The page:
Five chapters left and the main character just died. Yup.

    Laura walked down the aisle to the Scooby Doo theme song at her wedding. That might be my favorite thing about her. Because that's kind of awesome. And it paints the image of this wonderful, silly love and people who don't take themselves too seriously and just want to have fun. I think Laura was alive enough for the both of them, which is maybe why she and Shadow seem to have worked so well.

    This chapter really is something else. The hallucinations and Shadow's deteriorating state are captured really well. And of course he doesn't survive. Who could survive being tied to a tree without food or water for nine days?

    "vg'f va gur gehax" ununun. Lrf, lbh jvyy haqrefgnaq guvf Znex. Naq vg jvyy oybj lbhe zvaq.

  3. @amyalices says:

    A+ use of David Mitchell GIF!

    …Yes, that is all I have, lest I start getting spoilery.

  4. pica_scribit says:

    Oh, Mark! I hope you didn't think you were prepared.

    Wikipedia sez: "In Norse mythology, Ratatoskr is a squirrel who runs up and down the world tree Yggdrasil."

  5. BattleSheep says:

    Oh, right, his friend is a squirrel. Is the squirrel a god? Probably not.

    I don't know if he counts as a god or not, but that's Ratatosk, the squirrel who lives in the world tree. Wikipedia says he carries messages up and down the tree, but he doesn't seem to have any bigger role than that.

    • xpanasonicyouthx says:

      Whoa! That's awesome.

      • Daemon8666 says:

        Most of even the smaller beings Shadow has met along the way tie into a mythology, whether they're religious or cultural in basis.

        Being raised Catholic, the closest I can come to an analogy for what a lot of the imagery in AG does is the Sacrament of Transubstantiation – the belief that when the priest blesses the wine and bread it becomes the body and blood of Jesus. It doesn't literally change into flesh and blood, but the belief the congregation carries in their mind combined with the blessing and the physical presence of a stand-in make it so. It's also the same as in the story that was told where the king's lot was chosen, and when they tried to hang him in false effigy it became a reality at the completion of the ceremony. In the same way, being Odin's vigil, the tree he is bound to becomes Yggdrasil, the world tree, where Odin himself hung, Ratatosk and all associated features included.

        Gaiman and a few other writers I have read subscribe to a saying: "All stories are true." Was Iraq trying to build weapons of mass destruction? Maybe not, but the BELIEF that they were was enough to unite a people to make war on them. All stories told are true in the minds of those who read them, even if it's only while those pages are being turned, and enough belief in any idea can change individuals, groups, cultures…what you take into yourself changes you, for better or for worse, and so do the things you reject.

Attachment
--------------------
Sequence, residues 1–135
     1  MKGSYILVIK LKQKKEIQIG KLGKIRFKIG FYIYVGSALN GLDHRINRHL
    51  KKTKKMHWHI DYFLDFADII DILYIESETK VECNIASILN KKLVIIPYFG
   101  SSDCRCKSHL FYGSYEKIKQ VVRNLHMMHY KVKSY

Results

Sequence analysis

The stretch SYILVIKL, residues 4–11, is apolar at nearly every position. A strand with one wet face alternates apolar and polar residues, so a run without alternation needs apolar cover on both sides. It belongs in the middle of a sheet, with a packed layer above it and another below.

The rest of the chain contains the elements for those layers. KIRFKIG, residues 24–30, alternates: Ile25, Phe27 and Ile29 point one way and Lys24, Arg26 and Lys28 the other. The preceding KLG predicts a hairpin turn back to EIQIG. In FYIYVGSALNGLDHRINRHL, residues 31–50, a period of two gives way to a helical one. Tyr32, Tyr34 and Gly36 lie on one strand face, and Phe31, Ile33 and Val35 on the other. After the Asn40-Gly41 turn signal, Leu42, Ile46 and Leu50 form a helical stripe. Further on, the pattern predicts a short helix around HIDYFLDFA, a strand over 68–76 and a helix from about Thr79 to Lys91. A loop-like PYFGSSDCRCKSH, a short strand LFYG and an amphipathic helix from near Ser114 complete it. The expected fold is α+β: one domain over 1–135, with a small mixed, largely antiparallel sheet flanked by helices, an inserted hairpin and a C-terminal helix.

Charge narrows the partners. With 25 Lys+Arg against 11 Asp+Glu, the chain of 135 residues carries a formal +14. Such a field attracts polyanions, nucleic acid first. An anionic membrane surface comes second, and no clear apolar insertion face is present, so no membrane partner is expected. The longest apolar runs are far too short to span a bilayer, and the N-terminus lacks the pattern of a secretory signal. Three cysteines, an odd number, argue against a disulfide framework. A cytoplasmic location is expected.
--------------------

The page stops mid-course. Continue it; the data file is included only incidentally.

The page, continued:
I don't know if any of that made sense, and I went a little far afield, but literally EVERYTHING in this story is happening on at least two levels, even when you think it's not.

  6. Ryan Lohner says:

    I'm guessing the elephant head guy is Ganesh. I don't know a thing about Hindi gods besides a few names, though. Hey, we've already met Kali, so why not?

  7. knut_knut says:

    Spoilery question:
    Jnf gurer nal cnegvphyne ernfba jul vg unq gb or Funqbj jub uryq Jrqarfqnl’f ivtvy, bgure guna gur snpg gung ur nterrq gb qb vg? Jbhyq vg unir orra bx vs bar bs gur qjneirf uryq uvf ivtvy be vs Funqbj qvqa’g qvr?

    • bearshorty says:

      Vg jvyy or rkcynvarq yngre. Gur arkg puncgref ner bar erirny nsgre nabgure, chggvat gur jubyr obbx va pbagrkg.

    • cait0716 says:

      V guvax ng yrnfg cneg bs vg vf whfg gung Funqbj vf Jrqarfqnl'f fba. Fb vg genpxf onpx gb Jrqarfqnl'f fnpevsvpr bs uvzfrys gb uvzfrys. Ohg fvapr Jrqarfqnl pna'g fnpevsvpr uvzfrys va guvf pnfr, ur znavchyngrf uvf fba vagb cresbezvat gur fnpevsvpr. Gur oybbq pbaarpgvba cebonoyl znxrf guvf zber cbjreshy gung n fnpevsvpr bs n qjnes jbhyq unir orra. Ng yrnfg, gung'f zl thrff

      • knut_knut says:

        BBBB, gunax lbh! V pbhyqa'g erzrzore vs Jrqarfqnl'f cyna jbhyq unir orra frevbhfyl frg onpx vs Funqbj jnfa'g gur bar jub uryq gur ivtvy.